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Animals In Print
The On-Line Newsletter

From 12 March 2008 Issue

Ray-Finned Fishes
(Class Actinopterygii)

By Laura Klappenbach,Your Guide to Animals / Wildlife.
http://animals.about.com/od/bonyfishes/p/bonyfishes.htm

Description: Ray-Finned fishes or 'actinopterygiians' (Class Actinopterygii) are an extremely diverse group of aquatic vertebrates—over half of all living vertebrate species (aquatic and terrestrial combined) belong to this class.

The first ray-finned fishes appeared during the Devonian Period (400-350 MYA) and underwent significant expansion and diversification during the Carboniferous Period (360 MYA). The first actinopterygiians evolved in freshwater but they later expanded into marine habitats. During the Late Triassic a group of ray-finned fishes called 'teleosts' first appeared. Teleosts are today the most numerous group of fish species alive today, with an estimated 23,000 of the 24,000 species (Jonna, 2004).

Ray-finned fishes possess the following characteristics:

The two-boned structure of the upper jaw in actinopterygians has proven highly adaptable. This structure makes the upper jaw protusible (easily extended) and as a result, a wide range of feeding adaptations have developed in actinopterygiians.

Many actinopterygians face significant threats from humans including habitat destruction, over-exploitation through commercial fishing, and pollution of the waters in which they live.

Classification: It is worth noting that actinopterygiians do not include the group of fish known as chondrichthyes, whose skeleton is made up of cartilage, not true bone. Chondricthyes or 'cartilaginous fishes' include sharks, skates, and rays. The fossil record indicates that the origin of the chondricthyes dates back further than that of the actinopterygiians to around 450 MYA.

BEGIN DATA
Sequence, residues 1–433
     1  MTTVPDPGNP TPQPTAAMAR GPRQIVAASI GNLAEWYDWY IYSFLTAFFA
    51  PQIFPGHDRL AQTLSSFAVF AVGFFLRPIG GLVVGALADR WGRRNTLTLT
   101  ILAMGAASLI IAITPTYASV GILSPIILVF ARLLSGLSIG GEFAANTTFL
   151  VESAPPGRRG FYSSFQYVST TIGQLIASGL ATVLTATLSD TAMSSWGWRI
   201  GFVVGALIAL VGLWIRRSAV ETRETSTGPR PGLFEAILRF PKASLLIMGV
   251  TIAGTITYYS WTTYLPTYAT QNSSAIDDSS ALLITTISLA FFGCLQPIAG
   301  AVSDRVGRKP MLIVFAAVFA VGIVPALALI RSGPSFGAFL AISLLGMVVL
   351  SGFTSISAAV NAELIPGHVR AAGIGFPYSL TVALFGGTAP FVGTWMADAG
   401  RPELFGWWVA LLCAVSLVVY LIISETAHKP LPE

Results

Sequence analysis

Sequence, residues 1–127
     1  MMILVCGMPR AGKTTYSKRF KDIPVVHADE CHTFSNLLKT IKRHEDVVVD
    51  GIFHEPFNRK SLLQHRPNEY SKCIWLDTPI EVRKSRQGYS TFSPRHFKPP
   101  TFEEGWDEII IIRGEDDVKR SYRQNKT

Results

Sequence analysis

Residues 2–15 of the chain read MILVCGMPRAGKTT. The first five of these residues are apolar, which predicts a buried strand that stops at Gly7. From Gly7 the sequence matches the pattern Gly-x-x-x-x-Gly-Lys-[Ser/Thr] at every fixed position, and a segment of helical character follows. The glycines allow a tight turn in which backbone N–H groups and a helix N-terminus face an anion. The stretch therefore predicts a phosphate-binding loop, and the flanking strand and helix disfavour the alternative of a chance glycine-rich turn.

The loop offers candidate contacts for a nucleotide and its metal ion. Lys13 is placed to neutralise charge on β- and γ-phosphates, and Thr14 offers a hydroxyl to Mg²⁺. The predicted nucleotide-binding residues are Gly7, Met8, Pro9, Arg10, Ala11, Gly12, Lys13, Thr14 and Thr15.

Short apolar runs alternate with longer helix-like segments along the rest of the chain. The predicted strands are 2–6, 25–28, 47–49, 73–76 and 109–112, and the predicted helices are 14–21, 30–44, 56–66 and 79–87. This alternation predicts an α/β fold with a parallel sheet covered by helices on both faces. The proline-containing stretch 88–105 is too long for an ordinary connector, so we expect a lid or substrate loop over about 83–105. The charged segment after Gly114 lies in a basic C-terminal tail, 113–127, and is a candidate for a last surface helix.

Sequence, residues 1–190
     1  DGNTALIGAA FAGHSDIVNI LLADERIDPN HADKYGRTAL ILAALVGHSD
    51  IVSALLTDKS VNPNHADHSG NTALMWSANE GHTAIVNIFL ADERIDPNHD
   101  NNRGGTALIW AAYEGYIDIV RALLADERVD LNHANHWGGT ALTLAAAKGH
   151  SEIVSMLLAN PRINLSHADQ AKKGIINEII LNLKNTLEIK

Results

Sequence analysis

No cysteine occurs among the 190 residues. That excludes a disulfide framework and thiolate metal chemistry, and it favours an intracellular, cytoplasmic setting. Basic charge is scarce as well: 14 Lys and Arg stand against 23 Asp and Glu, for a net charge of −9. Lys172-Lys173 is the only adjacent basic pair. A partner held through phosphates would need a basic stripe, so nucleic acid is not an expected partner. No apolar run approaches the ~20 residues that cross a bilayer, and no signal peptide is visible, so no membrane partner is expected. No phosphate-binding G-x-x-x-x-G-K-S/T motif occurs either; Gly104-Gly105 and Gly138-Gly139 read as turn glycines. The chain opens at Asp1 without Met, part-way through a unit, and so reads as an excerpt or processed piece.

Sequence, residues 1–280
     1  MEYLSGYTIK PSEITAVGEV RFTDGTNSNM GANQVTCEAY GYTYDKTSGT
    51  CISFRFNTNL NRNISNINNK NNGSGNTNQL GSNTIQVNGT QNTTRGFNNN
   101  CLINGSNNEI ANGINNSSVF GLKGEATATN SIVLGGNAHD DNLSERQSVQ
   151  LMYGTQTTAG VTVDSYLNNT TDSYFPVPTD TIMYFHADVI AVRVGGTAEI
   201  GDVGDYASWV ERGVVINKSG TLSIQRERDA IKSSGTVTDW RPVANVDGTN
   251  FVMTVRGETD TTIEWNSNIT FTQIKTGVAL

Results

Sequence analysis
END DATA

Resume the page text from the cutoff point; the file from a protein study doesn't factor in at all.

Kingdom: Animalia
Phylum: Chordata
Class: Actinopterygii

New to animal classification? Find out more about how scientists classify animals.

Where to See: Actinopterygians inhabit a wide range of habitats, some of which are considerably harsh such as the deep sea, caves, turbulent rivers, desert springs, and high-altitude lakes. Species have adapted to a wide range of conditions:

Temperature: -1.8°C–40°C
pH: 4–10
Salinity: 0–90 ppm
Depth: 0–7,000 m
Oxygen Saturation: 0–saturation (Jonna: 2004)

Regions with high diversity of freshwater species include the Amazon River Basin and the rivers and wetlands of Southeast Asia. Marine species are most diverse around coral reef systems such as the Great Barrier Reef. Some species of ray-finned fishes are capable of migrating between fresh and salt water, and are therefore considered diadromous. Some species such as salmon make a migration from saltwater upstream to freshwater where they spawn. Other species such as freshwater eels migrate from freshwater to salt water to spawn (Jonna, 2004).

Sources:
Burnie, D. and D.E. Wilson. 2001. Animal. London: Dorling Kindersley.
Jonna, R. 2004. 'Actinopterygii' (On-line), Animal Diversity Web. Accessed October 12, 2007 at http://animaldiversity.ummz.umich.edu/site/accounts/information/Actinopterygii.html.

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